Baw did a quick dry sand of the polyurethane trim in the salon and galley, cleaned up, then applied the 3rd coat of gloss polyurethane.  From there he moved down to the tables under Ocelot's stern and got a shiny coat on them as well.  He basically hopped back and forth from the salon trim to the tables all day, getting the 3rd and 4th coats on the trim inside and the 2nd and 3rd coats on the salon table.  The cockpit table bottoms apparently need more sanding before the next polyurethane layer.

We were going to leave all the hardware (door locks and button pulls) in place, but Baw said it would take a very long time to blue tape them all carefully enough, and felt it was more efficient (not his word) to take the hardware off.  So he spent less than an hour on that.  We'll see how fast it goes back on when the varnishing is done!  He did say he'd like to spray paint the button pulls to shine them up.  They look pretty tarnished and worn, so that can't hurt them.

Anyone have any idea what this is, growing out of our forebeam?
Anyone have any idea what this is, growing out of our forebeam?

Sue communed with the aluminum spars, checking where the filiform corrosion has appeared and where it has not.  The verdict is still unclear as to what happened and when.  A check through our history may let us figure out if we got rain too soon after some of the Nyalic Sunday's that were Amanda and Sue's forte for the past year.  One curious phenomenon is that we seem to have developed a tiny aluminum tree.  Or maybe it's aluminum fungus, growing right out of the Nyalic.  Thin strands with white oval tops.  Curious.

Jon got to check off an important item today.  We dug out the new ($85) aluminum thimbles from Colligo that will hold our new Dyneema‑Dux diamond rigging stays.  Working with the thimbles and the appropriate tangs on the mast, Jon was able to measure things and come up with a good technical drawing of the 16 stainless steel straps we need to have machined for us.  We expect a quote back from Lob, our nearby machinist, soon.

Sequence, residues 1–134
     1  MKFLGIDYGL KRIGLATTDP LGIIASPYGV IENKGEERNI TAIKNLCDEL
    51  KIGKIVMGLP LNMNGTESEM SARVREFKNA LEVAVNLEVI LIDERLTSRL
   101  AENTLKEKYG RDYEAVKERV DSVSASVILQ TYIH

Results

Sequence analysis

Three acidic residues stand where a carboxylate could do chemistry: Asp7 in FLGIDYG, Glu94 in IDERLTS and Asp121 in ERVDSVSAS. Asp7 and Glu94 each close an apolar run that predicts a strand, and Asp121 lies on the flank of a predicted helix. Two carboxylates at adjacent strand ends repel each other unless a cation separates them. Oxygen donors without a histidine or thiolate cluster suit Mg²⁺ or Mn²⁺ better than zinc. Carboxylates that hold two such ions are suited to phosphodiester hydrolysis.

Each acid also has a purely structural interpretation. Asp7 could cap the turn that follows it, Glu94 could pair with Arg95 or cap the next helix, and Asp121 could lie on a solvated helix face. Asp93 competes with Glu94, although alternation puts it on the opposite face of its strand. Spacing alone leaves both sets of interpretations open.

Left side goes up, chevrons help keep water away from speakers
Left side goes up, chevrons help keep water away from speakers

Once the drawings were copied and delivered to the machine shop, we dug out the outside speakers, and Jon prepared to mount them in the targa bar.  They actually mount in 2 of the vertical access panels on the inner walls of the targa bar.  Jon laid down 2 chevrons of silicone above where the speakers will mount so that any water getting into the panels will run to the sides and not into the speakers themselves.  This is theory, but we're pretty sure it has worked in the past.  Never give up a good system if it worked before!

Houa is still absent, but we couldn't get to town to see him or his sister today.  Hope to do so tomorrow or Monday.  We are concerned that he may not have gotten the correct medical attention.  Medical work is cheap here in Thailand, and ridiculously cheap for locals, but it can still take a dent out of a paycheck when most folks live hand‑to‑mouth.  Our local Occupational Therapist is concerned that Houa doesn't have his foot in a walking cast to support his ankle, and she should know what's needed.